identity of the two rites, as also against the idea derived from Acts xix. 4, that John used the formula "I baptize thee in the name of Him who is to come." His whole mission was calculated, in accordance with the office of the law, which gives the knowledge of sin (Rom. iii. 20), to bring men's minds into that state in which the Redeemer invites them (ch. xi. 28), as weary and heavy laden, to come to Him. in the wilderness] Where also he had been brought up, Luke i. 80. This tract was not strictly a desert, but thinly peopled, and abounding in pastures for flocks. This wilderness answers to "all the country round about Jordan" in Luke iii. 3. See note on ch. iv. 1. 2. Repent] Used by the Baptist in the O. T. sense of turning to God as His people, from the spiritual idolatry and typical adultery in which the faithless among the Jews were involved. This, of course, included personal amendment in individuals. See Luke iii. 10-14. Josephus describes John as "commanding the Jews to practise virtue, and justice to their neighbour, and piety towards God, and thus to receive his baptism." the kingdom of heaven] An expression peculiar in the N. T. to St. Matthew. The more usual one is "the Kingdom of God:" but the Kingdom of heaven" is common in the Rabbinical writers, who do not however, except in one or two places, mean by it the reign of the Messiah, but the Jewish religion-the theocracy. Still, from the use of it by St. Matthew here, and in ch. iv. 17, x. 7, we may conclude that it was used by the Jews, and understood, to mean the advent of the Christ, probably from the prophecy in Dan. ii. 44; vii. 13, 14, 27. 3. For this is he] Not the words of the Baptist, meaning "for I am he," as in John i. 23, but of the Evangelist; and "is" is not for "was," but is the prophetic present, representing to us the place which the Baptist fills in the divine purposes. Of for, Bengel says well, that it gives the cause why John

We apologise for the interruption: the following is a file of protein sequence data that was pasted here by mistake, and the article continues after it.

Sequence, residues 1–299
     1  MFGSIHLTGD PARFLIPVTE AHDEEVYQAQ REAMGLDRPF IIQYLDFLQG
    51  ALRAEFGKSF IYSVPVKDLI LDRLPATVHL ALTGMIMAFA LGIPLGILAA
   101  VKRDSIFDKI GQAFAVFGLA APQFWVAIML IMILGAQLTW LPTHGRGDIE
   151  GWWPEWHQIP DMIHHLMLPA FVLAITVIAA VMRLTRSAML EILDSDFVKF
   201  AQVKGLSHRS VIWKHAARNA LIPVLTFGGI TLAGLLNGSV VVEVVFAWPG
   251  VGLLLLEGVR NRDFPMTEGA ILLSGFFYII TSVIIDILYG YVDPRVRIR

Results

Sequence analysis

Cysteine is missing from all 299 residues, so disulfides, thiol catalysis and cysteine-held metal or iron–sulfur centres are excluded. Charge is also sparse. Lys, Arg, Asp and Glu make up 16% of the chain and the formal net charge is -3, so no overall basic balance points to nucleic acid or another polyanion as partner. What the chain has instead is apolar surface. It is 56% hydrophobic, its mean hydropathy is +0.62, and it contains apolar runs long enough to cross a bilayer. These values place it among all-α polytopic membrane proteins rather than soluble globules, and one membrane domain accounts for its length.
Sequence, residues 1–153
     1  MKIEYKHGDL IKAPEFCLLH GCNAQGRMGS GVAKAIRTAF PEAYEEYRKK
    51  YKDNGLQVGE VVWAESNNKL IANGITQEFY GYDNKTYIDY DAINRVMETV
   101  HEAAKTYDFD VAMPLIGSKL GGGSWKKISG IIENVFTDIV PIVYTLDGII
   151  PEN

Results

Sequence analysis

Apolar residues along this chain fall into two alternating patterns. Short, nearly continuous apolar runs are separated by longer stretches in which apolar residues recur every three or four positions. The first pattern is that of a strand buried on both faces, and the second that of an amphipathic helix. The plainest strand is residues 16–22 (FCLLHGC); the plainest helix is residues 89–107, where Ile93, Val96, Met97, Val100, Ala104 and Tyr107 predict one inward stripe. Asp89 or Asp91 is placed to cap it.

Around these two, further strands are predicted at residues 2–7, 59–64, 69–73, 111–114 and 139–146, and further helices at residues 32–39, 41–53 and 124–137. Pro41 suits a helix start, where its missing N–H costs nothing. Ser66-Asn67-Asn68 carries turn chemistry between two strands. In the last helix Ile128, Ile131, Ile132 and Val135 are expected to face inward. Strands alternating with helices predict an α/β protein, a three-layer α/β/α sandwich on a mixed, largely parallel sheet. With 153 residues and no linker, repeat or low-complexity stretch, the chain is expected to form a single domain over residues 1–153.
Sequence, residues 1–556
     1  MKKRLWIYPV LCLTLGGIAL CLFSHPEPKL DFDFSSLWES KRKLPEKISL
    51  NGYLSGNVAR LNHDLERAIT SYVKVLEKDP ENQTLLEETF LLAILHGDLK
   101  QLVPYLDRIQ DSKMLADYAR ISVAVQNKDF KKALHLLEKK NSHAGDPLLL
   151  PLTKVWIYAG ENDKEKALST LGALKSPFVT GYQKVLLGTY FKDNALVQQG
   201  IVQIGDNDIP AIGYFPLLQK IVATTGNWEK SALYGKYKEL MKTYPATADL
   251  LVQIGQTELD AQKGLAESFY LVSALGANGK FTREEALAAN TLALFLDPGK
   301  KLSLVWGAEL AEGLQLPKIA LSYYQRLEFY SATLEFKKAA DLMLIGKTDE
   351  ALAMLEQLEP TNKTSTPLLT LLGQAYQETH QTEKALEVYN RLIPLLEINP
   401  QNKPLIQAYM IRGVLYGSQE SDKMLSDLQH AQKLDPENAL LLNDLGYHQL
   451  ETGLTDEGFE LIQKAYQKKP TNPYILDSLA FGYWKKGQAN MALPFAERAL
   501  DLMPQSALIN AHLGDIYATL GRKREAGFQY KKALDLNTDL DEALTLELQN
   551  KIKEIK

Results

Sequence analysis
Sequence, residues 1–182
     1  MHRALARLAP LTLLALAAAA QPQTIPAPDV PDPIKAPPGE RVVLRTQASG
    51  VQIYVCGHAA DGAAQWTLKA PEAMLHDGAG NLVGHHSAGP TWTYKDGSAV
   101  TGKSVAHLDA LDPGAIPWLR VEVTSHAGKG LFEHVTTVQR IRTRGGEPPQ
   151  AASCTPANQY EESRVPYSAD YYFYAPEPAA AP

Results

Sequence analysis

then came forward, as described in ver. 1, 2, viz. because it had been thus predicted. -The primary and literal application of this prophecy to the return from captivity is very doubtful. If it ever had such an application, we may safely say that its predictions were so imperfectly and sparingly fulfilled in that return, or any thing which followed it, that we are necessarily directed onward to its greater fulfilment the announcement of the kingdom of Christ. Euthymius remarks, that the ways and paths of the Lord are men's souls, which must be cleared of the thorns of passion and the stones of sin, and thus made straight and level for His approach. 4. And the same John] rather, now John himself, recalling the reader from the prophetic testimony, to the person of John. As John was the Elias of prophecy, so we find in his outward attire a striking similarity to Elias, who was an hairy man, and girt with a girdle of leather about his loins." 2 Kings i. 8. The garment of camel's hair was not the camel's skin with the hair on, which would be too heavy to wear, but raiment woven of camel's hair. From Zech. xiii. 4, it seems that such a dress was known as the prophetic garb: